A return to the early Republic, minus slavery, but modified
to exclude from justice those who are not citizens to force
immigrants to play ball, will be a return to a lost Golden
Age where money was easy, resources were cheap, and the American
Family was strong. God was almighty; no atheist stood any
chance whatsoever of having a productive public life because
of the revulsion at such people that would be caused by their
prominence. Religious schools were dominant throughout the
land. Men were Men, and Women were Women. All knew their place
and all prospered. Government was small; except for war, relatively
insignificant. Those needing charity were told to work for
it or to turn themselves over to God's mercy. Souls were saved.
The spiritual food of Man was plentiful and everywhere. America
was Good, and Complete.
This is the vision of the Deconstructionist Party.
However, not only do they not understand the early Republic,
they don't appreciate the original intent of the Constitution,
either. They can't! Look at what they're doing. They see their
actions as completely consistent with the vision of the Founding
Fathers, a malleable Constitution to fit the needs of the
day that requires strong, central leadership and long-term
vision to chart the long course back to America's Golden Age,
a Golden Age that not only is a fantasy in itself, but which
to achieve, requires destroying the principles of the Republic
These men and women are enjoying the tastes of tyranny that
they are being currently exposed to. What's to say that their
centralizing power won't result in it being a permanent shift,
an end to the Separation of Powers doctrine? They had a taste
before, under Bush Sr., but he wasn't ambitious enough to
go the full distance. Jr. seems to have what it takes, so
they'll ride him as far as he'll go. Then what?
Also, deconstructionism means that everything that stands
now is expendable. I can't even begin to list what's up for
destruction for this ideal, which I try not to call utopian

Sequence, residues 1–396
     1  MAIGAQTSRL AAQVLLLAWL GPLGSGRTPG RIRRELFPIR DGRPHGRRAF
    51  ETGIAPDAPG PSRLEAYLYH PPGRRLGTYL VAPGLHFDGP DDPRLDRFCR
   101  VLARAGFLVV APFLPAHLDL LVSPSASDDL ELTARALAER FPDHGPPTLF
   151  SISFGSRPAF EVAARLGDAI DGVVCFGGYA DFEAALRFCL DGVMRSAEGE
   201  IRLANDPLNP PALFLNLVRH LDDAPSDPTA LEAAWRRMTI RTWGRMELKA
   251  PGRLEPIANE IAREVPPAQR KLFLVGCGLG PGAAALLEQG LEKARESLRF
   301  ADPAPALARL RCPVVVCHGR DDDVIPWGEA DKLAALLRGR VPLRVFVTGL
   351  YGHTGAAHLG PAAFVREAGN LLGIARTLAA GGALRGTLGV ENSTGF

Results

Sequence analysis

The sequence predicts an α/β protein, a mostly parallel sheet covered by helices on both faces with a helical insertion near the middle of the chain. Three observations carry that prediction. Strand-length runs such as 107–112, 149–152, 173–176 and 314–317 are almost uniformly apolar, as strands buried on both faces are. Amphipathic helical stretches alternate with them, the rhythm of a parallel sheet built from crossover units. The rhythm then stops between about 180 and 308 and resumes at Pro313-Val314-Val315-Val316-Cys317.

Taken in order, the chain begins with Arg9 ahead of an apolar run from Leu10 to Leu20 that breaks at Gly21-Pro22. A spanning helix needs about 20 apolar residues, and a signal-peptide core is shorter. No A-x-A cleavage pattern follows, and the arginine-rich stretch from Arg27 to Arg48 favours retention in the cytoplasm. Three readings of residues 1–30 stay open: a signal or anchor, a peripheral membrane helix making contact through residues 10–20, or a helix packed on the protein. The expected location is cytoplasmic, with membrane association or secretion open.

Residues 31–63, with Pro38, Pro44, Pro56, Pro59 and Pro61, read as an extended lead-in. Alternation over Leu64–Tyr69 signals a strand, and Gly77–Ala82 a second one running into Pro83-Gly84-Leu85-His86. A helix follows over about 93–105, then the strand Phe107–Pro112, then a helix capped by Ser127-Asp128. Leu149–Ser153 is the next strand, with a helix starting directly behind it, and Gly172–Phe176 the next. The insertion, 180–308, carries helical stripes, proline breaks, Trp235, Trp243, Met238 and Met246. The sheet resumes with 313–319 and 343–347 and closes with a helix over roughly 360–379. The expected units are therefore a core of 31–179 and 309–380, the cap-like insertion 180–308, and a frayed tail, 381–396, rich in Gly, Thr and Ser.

out of a respect for the actual history of the word. If you
want a good example of their idea of women's rights, look
at the wives they keep and the cheerleaders at Texan universities.
That's women's rights. Racial issues? I could sum it up under
the slogan of, "We're All White Now, So What's The Problem?"
International relations? Who cares what they think. We're
Americans. Due process for criminals? They're CRIMINALS! Why
do they need due process, anyway?
I'll stop now.
Seriously, it's way too long to list, but please, don't underestimate
the breadth of what's up for grabs here. Deconstructionism
is serious business, and is accepted at such a fundamental
emotional level by so-called Republicans that they can't understand
that this path is a one-way ticket to hell. Deconstructionism
will take the Republic with it; this is so obvious that their
inability to see it shows how deeply they resent the limitations
that the Republic has placed upon them.
When you destroy a Republic to save it, someday you wake
up and realize that there's nothing left to save, but yourself.
I am where I sit today, ideologically speaking, because I
refused to be a destroyer instead of a builder. Were I a Roman,
or a Byzantine, or an ancient Chinese scholar, or a 19th century
Zulu tribesman, I would make the same choice. It is a choice
I will never regret.
Where do you stand?